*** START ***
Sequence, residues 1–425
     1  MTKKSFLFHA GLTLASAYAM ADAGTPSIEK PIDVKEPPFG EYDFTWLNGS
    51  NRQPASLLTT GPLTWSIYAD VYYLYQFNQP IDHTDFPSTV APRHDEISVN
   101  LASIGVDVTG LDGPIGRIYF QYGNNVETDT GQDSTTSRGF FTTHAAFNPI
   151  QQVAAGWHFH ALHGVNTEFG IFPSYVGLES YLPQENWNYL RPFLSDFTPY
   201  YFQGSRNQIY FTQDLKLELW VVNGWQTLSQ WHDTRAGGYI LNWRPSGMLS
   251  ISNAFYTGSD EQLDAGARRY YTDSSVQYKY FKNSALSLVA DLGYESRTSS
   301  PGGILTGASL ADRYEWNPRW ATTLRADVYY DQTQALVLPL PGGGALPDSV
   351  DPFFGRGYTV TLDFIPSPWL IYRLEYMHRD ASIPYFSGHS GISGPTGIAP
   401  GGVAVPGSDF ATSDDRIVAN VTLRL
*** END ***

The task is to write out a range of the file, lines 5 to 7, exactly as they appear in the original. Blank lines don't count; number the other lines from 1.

   151  QQVAAGWHFH ALHGVNTEFG IFPSYVGLES YLPQENWNYL RPFLSDFTPY
   201  YFQGSRNQIY FTQDLKLELW VVNGWQTLSQ WHDTRAGGYI LNWRPSGMLS
   251  ISNAFYTGSD EQLDAGARRY YTDSSVQYKY FKNSALSLVA DLGYESRTSS